CT-314 Multicenter Long-Term Follow Up of Allogeneic Hematopoietic Stem Cell Transplantation With Omidubicel: A Pooled Analysis of Five Prospective Clinical Trials

Chenyu Lin, Aurelie Schwarzbach, Pau Montesinos, Patrick Stiff, Corey Cutler, Suhag Parikh, Claudio Brunstein, Caroline A. Lindemans, Rabi Hanna, Liang Piu Koh, Richard T. Maziarz, Amy K. Keating, William Y.K. Huang, Andrew R. Rezvani, David Valcarcel, Juliana F. Fernandes, Isabell S. Badell, Madan H. Jagasia, Olga Frankfurt, Ron RamJoseph P. McGuirk, Joanne Kurtzberg, Guillermo Sanz, Ronit Simantov, Mitchell E. Horwitz

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Context: Allogeneic hematopoietic stem cell transplantation (allo-HCT) with umbilical cord blood (UCB) is limited by the low number of hematopoietic stem cells. Omidubicel is an ex-vivo expanded stem cell product derived from UCB. Prospective clinical trials have demonstrated faster engraftment and fewer infections with omidubicel compared to UCB, but long-term outcomes are unknown. Objective: This is a pre-specified pooled secondary analysis of long-term outcomes with allo-HCT using omidubicel from 5 multicenter prospective trials. Design: Patients transplanted with omidubicel in one randomized phase III and four single-arm trials between 2006 and 2020 were followed for up to 10 years post-transplant. Setting: Twenty-six international academic transplant centers. Patients: Among 116 patients transplanted with either standalone omidubicel (n=92) or omidubicel with supplementary UCB (n=24), 97 (83.6%) engrafted with omidubicel, 11 (9.5%) with UCB, 2 mixed chimerism, 1 unevaluable, and 5 (4.3%) primary graft failure. This study included all patients aside from those engrafted with UCB (n=105). Median age was 42 (range, 2–62), 52.4% male, 30.5% non-white, and 30.5% high/very-high disease risk indices. Most common diseases were AML (40.1%), ALL (26.7%), MDS (13.3%), and sickle cell disease (7.6%). Results: Median follow-up was 22.0 months (range, 0.3–122.5). The 3-year OS and DFS were 62.5% (95%CI, 53.4–73.2) and 56.2% (95%CI, 47.0–67.1), respectively. Common causes of death included disease relapse (n=16) and infection (n=11). Three-year cumulative incidences of chronic GVHD and relapse were 37.8% (95%CI, 27.9–47.6) and 24.3% (95%CI, 16.1–33.3), respectively. Durable trilineage hematopoiesis was observed for up to 10 years. Similarly, median numbers of lymphoid subsets, including CD3+, CD4+, CD8+ T cells, CD19+ B cells, and CD16+/CD56+ NK cells were maintained within normal range for up to 8 years. Secondary graft failure was noted in 5 patients, 3 of whom underwent a second allo-HCT. Secondary hematologic malignancies included donor-derived myeloid neoplasm (dd-MN) (n=1; 40 months post-transplant) and PTLD (n=2; 17 and 20 months), with one death attributed to PTLD. Notably, there was also one case of dd-MN in the control UCB group of the phase III study. Conclusions: Omidubicel demonstrated durable long-term hematopoiesis and immune competence. One case of dd-MN was observed with both omidubicel and control UCB.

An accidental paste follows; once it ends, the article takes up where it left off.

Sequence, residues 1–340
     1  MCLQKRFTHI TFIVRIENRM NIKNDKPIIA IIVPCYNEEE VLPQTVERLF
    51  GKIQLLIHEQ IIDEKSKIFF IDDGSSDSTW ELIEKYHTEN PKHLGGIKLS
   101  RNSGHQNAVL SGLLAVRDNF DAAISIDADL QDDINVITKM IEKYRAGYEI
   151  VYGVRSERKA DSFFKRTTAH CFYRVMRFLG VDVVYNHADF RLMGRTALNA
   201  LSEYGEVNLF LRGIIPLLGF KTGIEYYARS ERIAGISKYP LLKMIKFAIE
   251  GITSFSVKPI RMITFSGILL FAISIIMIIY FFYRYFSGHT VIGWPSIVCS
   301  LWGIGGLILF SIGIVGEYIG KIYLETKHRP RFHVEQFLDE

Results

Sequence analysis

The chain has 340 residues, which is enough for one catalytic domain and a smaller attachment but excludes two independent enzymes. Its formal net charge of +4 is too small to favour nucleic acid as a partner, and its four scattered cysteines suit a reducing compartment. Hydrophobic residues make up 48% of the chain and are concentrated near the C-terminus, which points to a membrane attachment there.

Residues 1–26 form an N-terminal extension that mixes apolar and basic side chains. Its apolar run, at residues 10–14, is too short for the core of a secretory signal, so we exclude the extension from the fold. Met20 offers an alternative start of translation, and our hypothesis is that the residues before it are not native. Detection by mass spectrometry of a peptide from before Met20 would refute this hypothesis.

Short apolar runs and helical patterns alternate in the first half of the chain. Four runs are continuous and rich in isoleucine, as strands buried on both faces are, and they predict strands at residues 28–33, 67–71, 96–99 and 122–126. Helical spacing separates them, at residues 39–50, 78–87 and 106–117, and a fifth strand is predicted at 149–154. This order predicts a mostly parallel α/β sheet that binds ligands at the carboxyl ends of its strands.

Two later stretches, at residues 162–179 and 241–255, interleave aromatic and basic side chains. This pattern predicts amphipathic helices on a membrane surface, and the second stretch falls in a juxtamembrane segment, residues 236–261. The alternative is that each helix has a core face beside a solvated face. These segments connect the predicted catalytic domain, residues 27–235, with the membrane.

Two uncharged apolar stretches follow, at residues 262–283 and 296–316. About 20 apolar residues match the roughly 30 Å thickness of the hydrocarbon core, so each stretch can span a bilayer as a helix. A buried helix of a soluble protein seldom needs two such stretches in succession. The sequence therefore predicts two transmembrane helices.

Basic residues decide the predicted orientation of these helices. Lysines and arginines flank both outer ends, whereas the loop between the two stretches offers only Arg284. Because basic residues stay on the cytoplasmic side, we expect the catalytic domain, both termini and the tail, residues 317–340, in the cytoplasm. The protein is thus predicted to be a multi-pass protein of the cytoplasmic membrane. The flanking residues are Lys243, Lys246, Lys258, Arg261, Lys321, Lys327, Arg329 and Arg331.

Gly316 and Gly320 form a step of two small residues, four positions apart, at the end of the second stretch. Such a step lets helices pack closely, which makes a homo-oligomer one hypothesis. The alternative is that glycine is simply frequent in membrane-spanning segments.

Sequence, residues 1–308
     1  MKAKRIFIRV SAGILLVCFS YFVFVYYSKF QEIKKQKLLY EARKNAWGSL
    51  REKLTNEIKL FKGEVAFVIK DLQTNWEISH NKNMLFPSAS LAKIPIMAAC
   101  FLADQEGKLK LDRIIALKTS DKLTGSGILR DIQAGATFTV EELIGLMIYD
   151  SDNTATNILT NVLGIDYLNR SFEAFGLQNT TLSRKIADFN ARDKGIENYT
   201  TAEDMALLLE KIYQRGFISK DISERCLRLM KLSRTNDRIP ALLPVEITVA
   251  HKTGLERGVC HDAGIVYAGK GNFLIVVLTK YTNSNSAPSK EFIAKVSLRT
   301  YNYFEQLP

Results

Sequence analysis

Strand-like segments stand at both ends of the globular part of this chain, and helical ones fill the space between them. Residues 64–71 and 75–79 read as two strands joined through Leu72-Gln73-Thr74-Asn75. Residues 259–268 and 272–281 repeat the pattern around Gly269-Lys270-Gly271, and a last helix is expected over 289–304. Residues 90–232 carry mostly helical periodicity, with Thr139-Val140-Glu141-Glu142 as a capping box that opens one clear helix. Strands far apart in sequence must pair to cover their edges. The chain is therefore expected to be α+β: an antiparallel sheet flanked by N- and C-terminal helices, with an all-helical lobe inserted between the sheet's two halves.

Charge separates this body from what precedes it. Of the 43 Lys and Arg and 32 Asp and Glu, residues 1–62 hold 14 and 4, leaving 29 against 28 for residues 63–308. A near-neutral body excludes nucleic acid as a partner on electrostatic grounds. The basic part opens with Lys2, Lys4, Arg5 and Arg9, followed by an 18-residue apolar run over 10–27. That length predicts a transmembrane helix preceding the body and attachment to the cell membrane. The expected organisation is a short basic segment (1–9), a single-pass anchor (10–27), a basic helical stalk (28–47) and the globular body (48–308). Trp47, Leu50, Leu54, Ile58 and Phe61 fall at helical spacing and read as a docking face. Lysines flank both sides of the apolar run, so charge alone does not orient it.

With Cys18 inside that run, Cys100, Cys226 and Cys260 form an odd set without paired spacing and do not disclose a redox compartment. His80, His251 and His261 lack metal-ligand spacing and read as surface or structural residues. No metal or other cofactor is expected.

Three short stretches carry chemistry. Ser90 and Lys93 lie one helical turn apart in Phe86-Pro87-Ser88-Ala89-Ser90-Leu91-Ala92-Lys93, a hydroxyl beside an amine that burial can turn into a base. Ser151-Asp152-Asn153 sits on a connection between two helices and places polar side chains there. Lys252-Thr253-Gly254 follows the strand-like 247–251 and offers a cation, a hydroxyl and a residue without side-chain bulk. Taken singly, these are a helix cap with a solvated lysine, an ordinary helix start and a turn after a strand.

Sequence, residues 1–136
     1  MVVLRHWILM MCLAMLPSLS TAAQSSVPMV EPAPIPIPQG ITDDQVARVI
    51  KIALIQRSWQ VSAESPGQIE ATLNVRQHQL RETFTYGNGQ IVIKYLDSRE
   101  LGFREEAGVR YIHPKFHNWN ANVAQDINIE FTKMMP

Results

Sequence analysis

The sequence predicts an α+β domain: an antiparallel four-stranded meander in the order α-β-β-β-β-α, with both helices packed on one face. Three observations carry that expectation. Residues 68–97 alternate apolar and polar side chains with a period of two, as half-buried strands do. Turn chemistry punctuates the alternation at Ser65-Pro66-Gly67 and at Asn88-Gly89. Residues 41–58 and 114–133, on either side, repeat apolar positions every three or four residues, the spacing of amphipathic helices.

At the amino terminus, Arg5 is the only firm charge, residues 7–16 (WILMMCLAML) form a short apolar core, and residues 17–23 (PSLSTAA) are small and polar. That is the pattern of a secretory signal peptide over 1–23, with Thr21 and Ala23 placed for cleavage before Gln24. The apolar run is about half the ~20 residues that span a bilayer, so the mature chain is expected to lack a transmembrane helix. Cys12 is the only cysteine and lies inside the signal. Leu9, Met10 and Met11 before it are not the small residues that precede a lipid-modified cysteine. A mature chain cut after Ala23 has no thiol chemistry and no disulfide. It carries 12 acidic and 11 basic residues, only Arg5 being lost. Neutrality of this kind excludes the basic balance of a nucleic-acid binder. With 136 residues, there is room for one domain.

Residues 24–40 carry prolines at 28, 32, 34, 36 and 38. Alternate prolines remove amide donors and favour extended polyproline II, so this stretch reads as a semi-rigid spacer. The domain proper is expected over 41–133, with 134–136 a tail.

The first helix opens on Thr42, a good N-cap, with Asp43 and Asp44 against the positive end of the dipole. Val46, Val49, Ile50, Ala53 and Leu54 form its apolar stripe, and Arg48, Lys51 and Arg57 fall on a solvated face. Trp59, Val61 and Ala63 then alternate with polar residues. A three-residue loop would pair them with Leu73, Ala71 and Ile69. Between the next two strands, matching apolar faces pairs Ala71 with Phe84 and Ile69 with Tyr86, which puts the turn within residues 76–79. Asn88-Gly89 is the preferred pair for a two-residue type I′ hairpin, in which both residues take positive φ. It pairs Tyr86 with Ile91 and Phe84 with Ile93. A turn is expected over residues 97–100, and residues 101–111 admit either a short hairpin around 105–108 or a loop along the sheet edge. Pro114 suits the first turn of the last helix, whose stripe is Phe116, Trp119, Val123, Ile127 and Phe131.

Original languageEnglish
Pages (from-to)S442
JournalClinical Lymphoma, Myeloma and Leukemia
Publication statusPublished - Oct 2022
Externally publishedYes


  • cellular therapy
  • CT
  • leukemia
  • long-term outcomes
  • lymphoma
  • stem cell transplantation


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